Now that the partnership between LBS Digital Infrastructure Corp. (LDIC)—a home-grown tower company—and Sojitz Corp., a 150-year-old Japanese telecom firm has been fully cemented, the speed that cell towers will be built in the country is expected to accelerate at full throttle.
It’s very tempting for me to write about the recent presidential elections and its effect on business. I will definitely write down my thoughts and feelings about it soon. For now, however, let me acknowledge the numerous readers who commended me for my piece on the Edsa bus ban.
The anticipation of the outcome of the country’s presidential elections next month may be diverting us from the disturbing effects of the war in Ukraine: a potential mayhem in global finance that could lead us to uncharted new-world bedlam, which advanced democracies are watching with serious concern.
The decision of the Land Transportation Franchising and Regulatory Board (LTFRB) on March 8 to allow the operations of the Provincial Public Utility Buses (PUBs) on inter-regional routes has not lifted the spirits of bus operators whose bottom line has been languishing in the red.
Russian President Vladimir Putin may not have Viking blood running through his veins, but his decision to invade Ukraine on the flimsiest of reasons, with some bordering on falsity, seems cut out of the mold of how the Norsemen who set foot on Russian soil in the Middle Ages went about their murderous raids.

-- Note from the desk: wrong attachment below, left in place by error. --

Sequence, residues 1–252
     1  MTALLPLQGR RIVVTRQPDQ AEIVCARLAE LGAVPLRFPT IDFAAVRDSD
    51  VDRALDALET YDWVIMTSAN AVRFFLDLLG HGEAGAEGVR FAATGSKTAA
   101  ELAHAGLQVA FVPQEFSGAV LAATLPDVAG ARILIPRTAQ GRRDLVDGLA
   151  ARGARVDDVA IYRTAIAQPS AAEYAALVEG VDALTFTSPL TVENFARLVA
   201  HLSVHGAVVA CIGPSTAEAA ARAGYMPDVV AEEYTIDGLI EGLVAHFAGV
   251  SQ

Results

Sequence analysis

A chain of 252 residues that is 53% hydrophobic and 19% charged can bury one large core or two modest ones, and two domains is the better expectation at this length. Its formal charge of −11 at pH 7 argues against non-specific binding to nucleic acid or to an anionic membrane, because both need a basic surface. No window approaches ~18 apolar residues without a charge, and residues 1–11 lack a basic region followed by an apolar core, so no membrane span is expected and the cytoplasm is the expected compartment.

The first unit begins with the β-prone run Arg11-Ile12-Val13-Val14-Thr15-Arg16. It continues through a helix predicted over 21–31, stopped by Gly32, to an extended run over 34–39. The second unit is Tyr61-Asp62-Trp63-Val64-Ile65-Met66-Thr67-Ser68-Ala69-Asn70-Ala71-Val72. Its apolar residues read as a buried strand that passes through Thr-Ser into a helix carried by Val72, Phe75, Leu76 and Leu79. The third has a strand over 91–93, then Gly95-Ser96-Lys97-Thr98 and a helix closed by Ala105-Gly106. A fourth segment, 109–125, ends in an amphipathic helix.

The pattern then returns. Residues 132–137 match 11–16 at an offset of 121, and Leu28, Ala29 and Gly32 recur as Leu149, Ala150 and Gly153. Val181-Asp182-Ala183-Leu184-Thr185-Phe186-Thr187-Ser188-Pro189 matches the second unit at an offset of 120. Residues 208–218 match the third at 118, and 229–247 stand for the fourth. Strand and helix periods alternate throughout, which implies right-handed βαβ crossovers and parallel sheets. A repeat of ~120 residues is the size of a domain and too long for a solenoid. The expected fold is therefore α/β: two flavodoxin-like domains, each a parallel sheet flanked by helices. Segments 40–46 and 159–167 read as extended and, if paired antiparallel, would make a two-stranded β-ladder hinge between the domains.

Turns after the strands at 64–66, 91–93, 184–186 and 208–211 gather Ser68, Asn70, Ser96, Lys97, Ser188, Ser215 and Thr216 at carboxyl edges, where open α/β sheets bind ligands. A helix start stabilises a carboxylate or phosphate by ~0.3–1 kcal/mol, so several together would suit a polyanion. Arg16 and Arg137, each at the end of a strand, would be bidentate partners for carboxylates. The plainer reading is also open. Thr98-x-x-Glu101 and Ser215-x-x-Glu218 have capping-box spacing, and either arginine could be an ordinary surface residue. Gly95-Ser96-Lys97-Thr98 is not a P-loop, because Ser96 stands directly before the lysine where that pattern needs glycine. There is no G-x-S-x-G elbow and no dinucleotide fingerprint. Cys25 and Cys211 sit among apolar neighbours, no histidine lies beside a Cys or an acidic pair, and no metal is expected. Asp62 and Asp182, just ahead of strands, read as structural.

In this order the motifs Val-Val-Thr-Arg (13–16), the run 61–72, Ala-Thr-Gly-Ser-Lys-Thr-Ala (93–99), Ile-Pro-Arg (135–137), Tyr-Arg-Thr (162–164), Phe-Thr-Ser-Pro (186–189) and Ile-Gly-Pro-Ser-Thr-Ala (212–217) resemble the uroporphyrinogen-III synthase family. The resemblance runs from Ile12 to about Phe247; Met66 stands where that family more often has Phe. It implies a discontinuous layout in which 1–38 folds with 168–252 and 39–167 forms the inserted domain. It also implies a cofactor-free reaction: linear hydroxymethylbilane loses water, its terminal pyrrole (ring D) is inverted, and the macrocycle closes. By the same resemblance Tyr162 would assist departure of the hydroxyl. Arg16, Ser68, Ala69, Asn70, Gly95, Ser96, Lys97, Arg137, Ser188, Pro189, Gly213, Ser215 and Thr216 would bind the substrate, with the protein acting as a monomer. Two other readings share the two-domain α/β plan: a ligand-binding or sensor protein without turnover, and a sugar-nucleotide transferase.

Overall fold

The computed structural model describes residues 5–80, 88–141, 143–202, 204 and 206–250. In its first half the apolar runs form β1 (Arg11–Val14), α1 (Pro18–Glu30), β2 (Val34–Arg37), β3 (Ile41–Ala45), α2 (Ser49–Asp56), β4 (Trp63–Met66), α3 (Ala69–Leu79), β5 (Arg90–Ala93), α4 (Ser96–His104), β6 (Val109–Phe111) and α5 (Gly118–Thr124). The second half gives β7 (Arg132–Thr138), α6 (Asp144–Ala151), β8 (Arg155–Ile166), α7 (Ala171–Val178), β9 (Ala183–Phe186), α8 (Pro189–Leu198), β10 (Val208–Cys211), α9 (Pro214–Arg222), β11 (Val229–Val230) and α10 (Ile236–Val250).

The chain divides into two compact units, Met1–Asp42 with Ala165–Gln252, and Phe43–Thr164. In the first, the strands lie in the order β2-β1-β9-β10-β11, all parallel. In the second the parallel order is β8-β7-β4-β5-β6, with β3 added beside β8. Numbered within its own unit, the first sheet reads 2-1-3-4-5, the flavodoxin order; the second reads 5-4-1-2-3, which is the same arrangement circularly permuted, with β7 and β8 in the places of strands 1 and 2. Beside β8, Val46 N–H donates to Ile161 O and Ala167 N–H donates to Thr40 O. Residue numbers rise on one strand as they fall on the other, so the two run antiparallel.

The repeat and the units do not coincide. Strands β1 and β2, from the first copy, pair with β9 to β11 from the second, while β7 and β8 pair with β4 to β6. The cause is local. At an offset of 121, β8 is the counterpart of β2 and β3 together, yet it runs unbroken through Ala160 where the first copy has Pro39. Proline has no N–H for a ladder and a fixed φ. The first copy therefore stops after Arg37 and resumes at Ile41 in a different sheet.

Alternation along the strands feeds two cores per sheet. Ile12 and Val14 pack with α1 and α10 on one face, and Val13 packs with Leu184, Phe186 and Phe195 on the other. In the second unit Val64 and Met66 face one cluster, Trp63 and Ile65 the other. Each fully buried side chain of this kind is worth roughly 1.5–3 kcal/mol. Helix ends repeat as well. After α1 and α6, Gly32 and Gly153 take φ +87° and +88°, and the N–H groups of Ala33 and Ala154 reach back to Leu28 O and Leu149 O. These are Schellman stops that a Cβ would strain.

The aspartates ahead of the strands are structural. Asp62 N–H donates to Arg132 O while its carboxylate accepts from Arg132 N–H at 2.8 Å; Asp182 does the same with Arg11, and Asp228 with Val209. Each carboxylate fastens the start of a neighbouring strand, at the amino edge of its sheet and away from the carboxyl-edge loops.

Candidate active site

Except for the Campaign Against the Return of the Marcoses and Martial Law (CARMMA), presidential candidates and other groups appear resigned to the decision of the Commission on Elections (Comelec) to throw out the petition filed before the agency by civil society groups to disqualify presidential aspirant Ferdinand ‘Bongbong’ Marcos Jr.
The year 2021 ended with the proverbial bang, but not in a good way for at least two banking institutions. The last month of the year saw two banking issues emerge from the woodwork. One is the unfortunate Banco de Oro hacking incident, which affected over 700 BDO Unibank accounts, each depositor losing between P25,000 and P50,000, after being taken over by a certain “Mark Nagoyo.” The other one is the lesser-known Rizal Commercial Banking Corp. (RCBC) fund scam where a foundation and a handful of other clients of the bank complained they were victimized by a branch manager, involving millions of pesos.
“Loose lips sink ships.” This American English idiom has often characterized President Duterte’s brand of messaging since becoming president in 2016. His penchant for shooting from the hip and his constant flip-flopping on what he publicly declares have kept his communications team scrambling to “massage” his seemingly thoughtless remarks.
For the past week or so, the United States has been experiencing the weirdest weather ever. For instance, the people of Hawaii spent the weekend of December 3 worrying about a blizzard warning issued a day before. While rainfall was inexplicably drenching the Pacific Northwest, irrationally warm temperatures swathed across the Midwest and South, and a major snow famine in the Rockies signaled that Denver’s first winter snowfall has been delayed.